Miranda Lambert says she 'wasn't prepared' for the tabloid frenzy surrounding her split from Blake Shelton

·2 min read

Miranda Lambert says she "wasn't prepared" for the tabloid frenzy surrounding her marriage and eventual divorce from fellow country star Blake Shelton.

"It's not nice sometimes, but I think you've got to take it with a grain of salt," Lambert, 38, told CBS Sunday Morning of having all eyes on her private life. Her career, however, makes it easier to put the rumor mill to rest.

"I'm a singer-songwriter, so luckily I can tell my whole truth," she noted. "I will not lie in my music."

Describing herself as more at "peace with myself" now in comparison to her first CBS Sunday Morning interview in 2014, about a year before she and Shelton, 45, called time on their four-year marriage, Lambert went on to gush about finding love again with second husband Brendan McLoughlin. She describes falling in love with the former New York City policeman as "like some kind of Hallmark movie or something — this redneck from Texas meets this beautiful NYPD officer on the street in New York."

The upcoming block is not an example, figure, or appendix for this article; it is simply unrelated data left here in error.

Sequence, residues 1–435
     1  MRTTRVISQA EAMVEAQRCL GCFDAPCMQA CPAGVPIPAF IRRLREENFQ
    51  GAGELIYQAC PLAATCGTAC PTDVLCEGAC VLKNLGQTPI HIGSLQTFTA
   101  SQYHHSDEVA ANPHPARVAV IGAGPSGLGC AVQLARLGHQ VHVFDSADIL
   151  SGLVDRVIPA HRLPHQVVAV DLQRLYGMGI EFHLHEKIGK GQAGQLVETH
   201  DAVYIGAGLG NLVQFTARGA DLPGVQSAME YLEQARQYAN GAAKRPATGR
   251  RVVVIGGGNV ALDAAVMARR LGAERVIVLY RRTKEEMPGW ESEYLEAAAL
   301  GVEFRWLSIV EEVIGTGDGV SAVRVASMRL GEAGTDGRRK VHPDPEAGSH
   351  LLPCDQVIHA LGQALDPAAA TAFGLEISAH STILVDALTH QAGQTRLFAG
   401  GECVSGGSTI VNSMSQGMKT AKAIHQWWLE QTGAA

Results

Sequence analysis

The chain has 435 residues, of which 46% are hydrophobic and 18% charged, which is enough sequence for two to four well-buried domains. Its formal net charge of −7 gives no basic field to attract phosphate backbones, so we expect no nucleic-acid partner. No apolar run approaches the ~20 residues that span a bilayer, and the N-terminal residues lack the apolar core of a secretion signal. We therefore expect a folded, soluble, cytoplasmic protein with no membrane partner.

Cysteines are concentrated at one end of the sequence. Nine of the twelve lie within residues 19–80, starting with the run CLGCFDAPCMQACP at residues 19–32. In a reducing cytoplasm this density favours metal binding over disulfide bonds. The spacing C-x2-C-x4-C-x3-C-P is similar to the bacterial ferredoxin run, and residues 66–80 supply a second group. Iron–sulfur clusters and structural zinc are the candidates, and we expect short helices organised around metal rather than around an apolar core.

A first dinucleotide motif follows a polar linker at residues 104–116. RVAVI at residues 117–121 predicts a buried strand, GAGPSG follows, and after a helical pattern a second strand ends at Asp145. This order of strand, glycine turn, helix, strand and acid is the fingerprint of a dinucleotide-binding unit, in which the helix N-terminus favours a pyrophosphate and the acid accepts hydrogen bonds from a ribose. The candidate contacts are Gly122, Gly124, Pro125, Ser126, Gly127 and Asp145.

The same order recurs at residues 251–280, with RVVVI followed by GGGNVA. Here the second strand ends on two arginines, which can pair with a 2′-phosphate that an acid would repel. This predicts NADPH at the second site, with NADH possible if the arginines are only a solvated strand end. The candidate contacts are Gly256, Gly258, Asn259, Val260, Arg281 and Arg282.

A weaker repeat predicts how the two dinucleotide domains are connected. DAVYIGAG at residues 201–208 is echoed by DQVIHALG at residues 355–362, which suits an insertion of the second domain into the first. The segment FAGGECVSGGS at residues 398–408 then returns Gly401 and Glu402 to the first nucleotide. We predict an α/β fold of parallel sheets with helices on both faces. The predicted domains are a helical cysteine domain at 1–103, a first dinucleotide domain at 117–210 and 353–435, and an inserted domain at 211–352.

Lambert also opened up to the Los Angeles Times last week about her split from Shelton, who wed Gwen Stefani last year.

Calling their divorce "horrible — like the death of something," the ACM Awards Entertainer of the Year added that the experience of living under a microscope in Los Angeles as Shelton started work on The Voice "taught me that Hollywood is not anything I want to be part of.”

The attention was “a shock to my system,” Lambert explained. “I’m a Scorpio, so I’m already very private and protective. And choosing the job I chose — I mean, I get onstage, I’m in front of people. But I didn’t choose random photos of moments when I wasn’t at work.”

While her divorce has inspired her songwriting in the past — and breakup albums are undoubtedly having a moment — Lambert is looking ahead with her just-released new album, Palomino.

"I see all these women getting divorced, and I’m like, ‘You got one year, then no more wallowing. Let’s cry these tears and move on,'" she told the Times.

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